Summer 2016-17

Family Matters launches inaugural report at Parliament House

Family Matters, a coalition of Aboriginal and Torres Strait Islander leaders, peak bodies and academics, launched a report at Canberra’s Parliament House on 9 November. The report states  the number of Aboriginal and Torres Strait Islander children being removed from their families is set to triple in the next two decades.

The group called on the federal government to adopt a new national strategy and a Closing the Gap target, to reverse the growing numbers of Indigenous children in the child protection system.

Indigenous educator and Family Matters ambassador Dr Chris Sarra gave the keynote address.


Dr Sarra against a background of cloudy sky.
Dr Chris Sarra. Photo: courtesy of the Stronger Smarter Institute.

Today we are here to talk about a serious issue. There is a crisis on, and it relates to our children.

We are not doing as well as we should be. But we can do better. And we must do better.

We need to change what we are doing and how we address these things. This is a crisis, and in a crisis it doesn’t serve us to blame one another or point the finger. This is not useful.

We have to find ways to work together—to own the things that we are accountable for in order to deal with the challenges that we are confronted by.

Sometime ago, I delivered a Senate speech in response to the Prime Minister, who asked me: ‘What are three things we can do on the Indigenous policy landscape to make a difference?’

I said to the Prime Minister, ‘We need to acknowledge and embrace the humanity of Aboriginal people, and our capacity to be exceptional.’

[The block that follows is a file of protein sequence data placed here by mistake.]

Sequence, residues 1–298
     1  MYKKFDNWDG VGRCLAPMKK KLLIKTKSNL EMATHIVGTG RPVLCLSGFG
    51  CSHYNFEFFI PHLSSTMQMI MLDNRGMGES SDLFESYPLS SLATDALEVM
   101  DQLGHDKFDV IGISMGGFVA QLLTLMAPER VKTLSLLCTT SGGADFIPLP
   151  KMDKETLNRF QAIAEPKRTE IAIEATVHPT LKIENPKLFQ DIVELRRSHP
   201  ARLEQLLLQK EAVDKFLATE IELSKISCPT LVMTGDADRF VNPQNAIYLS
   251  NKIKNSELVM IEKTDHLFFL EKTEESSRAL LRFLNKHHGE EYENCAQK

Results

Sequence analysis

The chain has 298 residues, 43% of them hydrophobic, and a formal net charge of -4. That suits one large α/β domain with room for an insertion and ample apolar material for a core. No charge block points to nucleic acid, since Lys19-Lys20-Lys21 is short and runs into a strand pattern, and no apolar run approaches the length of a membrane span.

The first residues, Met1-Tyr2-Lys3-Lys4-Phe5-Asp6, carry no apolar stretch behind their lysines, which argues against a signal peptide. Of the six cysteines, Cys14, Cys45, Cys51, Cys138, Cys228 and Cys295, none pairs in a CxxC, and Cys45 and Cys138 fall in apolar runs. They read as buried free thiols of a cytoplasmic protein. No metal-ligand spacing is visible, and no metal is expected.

And if we acknowledge and embrace our humanity, then we can understand that we do have capacity. We do have humanity. And with that comes our ability to be the best that we can be, and to support our children, to support our families; and support our communities in the ways that they need to [be supported].

We have been around for some forty to fifty thousand years. So we know a little bit about resilience.

What has been missing for the last 200 years is other people’s capacity to embrace our sense of resilience—and our humanity.

That needs to change. And when you can do that, we have a chance, and we can work better together.

The second point I made to the Prime Minister was: ‘Bring us policy approaches that nurture a sense of hope, rather than those that would entrench a sense of despair.’

The third thing was: ‘Do things with us, not to us.’

This is the only way we can make a difference: by bringing us policy approaches that don’t assume we are broken and need fixing; rather, that recognise that we come to this challenge with strengths to offer.

What is more helpful is recognising the strengths that we already bring to these challenges, and building upon those things.

Many of you will know that I have had a very successful career as an educator.

And that probably came to prominence when I was principal at [Queensland’s] Cherbourg State School.

One of the things that helped me to be so successful was this:

I used to pretend that all of the children in that school were my children. My own children. And so, when I talked to teachers about what was happening, I would pretend that I was having a conversation with them about my own child.

When I visited families, I would pretend and imagine. I would say: ‘What if this was my own big sister that I was visiting, to talk about my nephews and nieces? What kind of outcomes would I want for them?’

And when I let myself be guided by that, and took my ego off and hung it on the door, then I realised I had a chance at delivering what was better and more honourable, in terms of education outcomes.

Let me invite you then, to make this challenge personal.

I challenge you to think about it in this way.

What if this was my child? What if this was my family? What if this was my community that we were dealing with?

And if we can make it personal, then the question shifts, profoundly so—from ‘What do we do with these children?’, or ‘What do we do with these families?’, to ‘What would I want done, if these were my children? And my families?’

This is a very simple formula. But let’s not pretend that the work is not hard. Trust me, I know.

We can do this, so let’s get on with it.


A full copy of the report can be located at www.familymatters.org.au

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